For example, the preface to the ESV discusses its translation philosophy. The scholars who produced the ESV had as their aim a translation that was “essentially literal” and proceeds to explain that such an approach “seeks as far as possible to capture the precise wording of the original text and the personal style of each Bible writer.” Consequently, “the emphasis is on “word-for-word” correspondence, at the same time taking into account differences of grammar, syntax, and idiom between current literary English and the original languages.

There are other translation approaches, such as rendering the biblical text thought-for-thought instead of word-for-word, or preferring to paraphrase the text. For a serious study of the biblical text, this is useful information, especially if you are dependent on English translations.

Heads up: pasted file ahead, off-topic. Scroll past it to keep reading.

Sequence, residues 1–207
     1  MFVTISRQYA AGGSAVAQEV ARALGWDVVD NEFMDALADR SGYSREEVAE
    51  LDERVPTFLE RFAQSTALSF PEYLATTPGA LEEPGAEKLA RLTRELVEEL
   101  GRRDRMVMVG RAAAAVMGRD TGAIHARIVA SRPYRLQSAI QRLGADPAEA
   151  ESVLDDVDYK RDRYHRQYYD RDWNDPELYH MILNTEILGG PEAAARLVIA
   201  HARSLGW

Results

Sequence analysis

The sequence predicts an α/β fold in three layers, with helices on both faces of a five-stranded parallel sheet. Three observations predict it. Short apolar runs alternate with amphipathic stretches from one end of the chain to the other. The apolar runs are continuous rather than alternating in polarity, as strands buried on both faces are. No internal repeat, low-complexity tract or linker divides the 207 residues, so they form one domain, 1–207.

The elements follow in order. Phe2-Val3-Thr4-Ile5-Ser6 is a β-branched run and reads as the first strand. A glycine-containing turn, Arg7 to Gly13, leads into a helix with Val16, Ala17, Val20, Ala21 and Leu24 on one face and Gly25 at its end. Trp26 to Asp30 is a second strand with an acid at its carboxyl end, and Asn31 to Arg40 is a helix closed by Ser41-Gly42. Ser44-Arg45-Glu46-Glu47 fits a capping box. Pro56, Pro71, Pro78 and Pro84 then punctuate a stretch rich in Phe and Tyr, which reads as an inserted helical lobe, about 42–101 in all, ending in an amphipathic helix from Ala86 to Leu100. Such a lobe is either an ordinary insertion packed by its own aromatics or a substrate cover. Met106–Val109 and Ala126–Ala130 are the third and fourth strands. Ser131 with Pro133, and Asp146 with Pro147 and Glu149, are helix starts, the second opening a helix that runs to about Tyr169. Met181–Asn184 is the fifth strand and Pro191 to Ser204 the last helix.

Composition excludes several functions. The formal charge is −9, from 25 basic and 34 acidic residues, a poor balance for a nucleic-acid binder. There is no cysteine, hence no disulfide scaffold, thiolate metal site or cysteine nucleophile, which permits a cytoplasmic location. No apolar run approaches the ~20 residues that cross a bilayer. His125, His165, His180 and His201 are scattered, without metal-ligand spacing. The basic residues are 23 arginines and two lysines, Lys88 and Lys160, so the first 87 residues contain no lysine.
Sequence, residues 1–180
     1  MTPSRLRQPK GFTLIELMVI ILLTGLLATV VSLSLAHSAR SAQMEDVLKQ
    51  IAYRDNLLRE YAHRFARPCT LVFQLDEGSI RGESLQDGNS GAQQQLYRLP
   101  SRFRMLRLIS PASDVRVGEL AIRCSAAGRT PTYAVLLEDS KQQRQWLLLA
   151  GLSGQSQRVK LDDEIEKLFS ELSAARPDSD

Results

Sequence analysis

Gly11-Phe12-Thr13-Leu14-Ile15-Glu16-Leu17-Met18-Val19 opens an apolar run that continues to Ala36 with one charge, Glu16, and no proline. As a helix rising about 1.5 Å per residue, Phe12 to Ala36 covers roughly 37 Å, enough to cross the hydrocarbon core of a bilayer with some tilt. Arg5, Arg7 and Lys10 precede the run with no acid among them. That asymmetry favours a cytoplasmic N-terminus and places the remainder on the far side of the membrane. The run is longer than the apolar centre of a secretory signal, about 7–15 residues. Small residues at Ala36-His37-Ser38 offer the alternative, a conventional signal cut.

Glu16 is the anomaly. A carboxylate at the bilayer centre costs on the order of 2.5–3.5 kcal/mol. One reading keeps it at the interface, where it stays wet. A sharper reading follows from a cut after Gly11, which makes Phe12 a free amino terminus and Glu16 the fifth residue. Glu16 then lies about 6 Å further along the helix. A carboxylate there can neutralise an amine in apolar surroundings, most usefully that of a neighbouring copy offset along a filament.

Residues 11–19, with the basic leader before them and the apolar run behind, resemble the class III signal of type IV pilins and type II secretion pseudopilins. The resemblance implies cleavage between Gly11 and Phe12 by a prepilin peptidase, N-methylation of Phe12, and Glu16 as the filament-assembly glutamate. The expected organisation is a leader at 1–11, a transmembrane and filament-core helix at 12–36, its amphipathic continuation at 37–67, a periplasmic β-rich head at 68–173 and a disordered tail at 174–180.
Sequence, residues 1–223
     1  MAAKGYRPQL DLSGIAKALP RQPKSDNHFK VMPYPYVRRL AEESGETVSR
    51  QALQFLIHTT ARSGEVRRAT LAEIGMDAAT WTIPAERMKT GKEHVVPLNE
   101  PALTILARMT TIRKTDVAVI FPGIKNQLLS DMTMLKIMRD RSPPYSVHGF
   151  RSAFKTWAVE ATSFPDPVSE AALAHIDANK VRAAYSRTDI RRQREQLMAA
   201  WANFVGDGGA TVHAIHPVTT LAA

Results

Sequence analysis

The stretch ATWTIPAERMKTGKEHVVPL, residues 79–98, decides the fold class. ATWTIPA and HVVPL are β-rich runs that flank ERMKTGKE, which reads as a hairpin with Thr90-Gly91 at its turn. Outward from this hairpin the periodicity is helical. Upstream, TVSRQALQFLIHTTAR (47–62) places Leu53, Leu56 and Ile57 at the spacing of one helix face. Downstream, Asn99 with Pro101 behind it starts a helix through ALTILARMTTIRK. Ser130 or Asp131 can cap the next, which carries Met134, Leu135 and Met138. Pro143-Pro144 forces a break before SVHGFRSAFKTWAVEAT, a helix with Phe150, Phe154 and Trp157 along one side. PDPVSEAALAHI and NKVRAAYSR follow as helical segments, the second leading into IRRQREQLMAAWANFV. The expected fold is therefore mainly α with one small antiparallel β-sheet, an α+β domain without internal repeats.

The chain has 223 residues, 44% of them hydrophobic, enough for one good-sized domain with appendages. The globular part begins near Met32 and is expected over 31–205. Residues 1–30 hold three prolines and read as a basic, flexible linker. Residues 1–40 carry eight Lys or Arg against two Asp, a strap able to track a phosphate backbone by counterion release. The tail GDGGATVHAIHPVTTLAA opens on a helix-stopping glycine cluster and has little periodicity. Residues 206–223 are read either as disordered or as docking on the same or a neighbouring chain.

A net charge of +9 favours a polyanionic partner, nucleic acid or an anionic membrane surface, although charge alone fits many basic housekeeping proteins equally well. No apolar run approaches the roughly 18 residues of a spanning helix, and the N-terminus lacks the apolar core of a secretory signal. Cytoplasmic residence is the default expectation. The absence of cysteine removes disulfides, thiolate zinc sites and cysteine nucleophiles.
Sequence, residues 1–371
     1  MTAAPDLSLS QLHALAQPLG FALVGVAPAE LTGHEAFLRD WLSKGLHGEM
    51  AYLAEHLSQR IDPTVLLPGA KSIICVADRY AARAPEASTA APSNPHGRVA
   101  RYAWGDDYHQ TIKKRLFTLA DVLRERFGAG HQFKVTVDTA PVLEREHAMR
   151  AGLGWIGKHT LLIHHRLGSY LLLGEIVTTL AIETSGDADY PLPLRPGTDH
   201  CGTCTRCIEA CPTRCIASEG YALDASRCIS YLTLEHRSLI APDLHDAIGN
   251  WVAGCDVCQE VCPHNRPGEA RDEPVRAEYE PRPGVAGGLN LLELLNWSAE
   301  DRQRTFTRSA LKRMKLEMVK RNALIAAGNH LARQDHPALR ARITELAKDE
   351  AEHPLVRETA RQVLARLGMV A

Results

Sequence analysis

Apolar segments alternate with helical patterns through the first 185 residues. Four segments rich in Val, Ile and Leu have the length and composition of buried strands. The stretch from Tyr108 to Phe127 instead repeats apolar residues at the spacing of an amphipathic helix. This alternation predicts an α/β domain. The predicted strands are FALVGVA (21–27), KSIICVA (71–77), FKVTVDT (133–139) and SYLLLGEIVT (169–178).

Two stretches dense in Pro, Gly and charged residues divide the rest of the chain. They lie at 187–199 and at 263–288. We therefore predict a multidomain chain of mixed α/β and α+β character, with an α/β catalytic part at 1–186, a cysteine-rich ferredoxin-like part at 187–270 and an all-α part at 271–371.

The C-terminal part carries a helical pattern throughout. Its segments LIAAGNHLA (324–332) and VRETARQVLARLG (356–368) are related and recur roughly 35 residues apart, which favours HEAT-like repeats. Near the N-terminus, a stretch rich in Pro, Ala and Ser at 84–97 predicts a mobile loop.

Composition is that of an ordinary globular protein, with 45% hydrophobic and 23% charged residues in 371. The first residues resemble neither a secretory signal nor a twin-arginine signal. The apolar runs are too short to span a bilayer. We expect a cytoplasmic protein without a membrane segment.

We also learn from the ESV’s preface that, for the Old Testament, it occasionally departed from the traditional (“Masoretic”) Hebrew text in favor of adopting a different wording from the Dead Sea Scrolls. Rather than insert a divergent reading from the Dead Sea Scrolls in a marginal footnote, the ESV puts the alternative wording in the translation’s actual running text. This approach is most clearly evident in Deuteronomy 32:8, 43. This information is also vital for the Bible student. It offers a clear answer as to why the ESV translation would disagree with other English translations at specific points.

Before your next Bible study session, if you haven’t already done so, read the preface to your translation. Please don’t skip it. You’ll learn something you can use in your Bible study.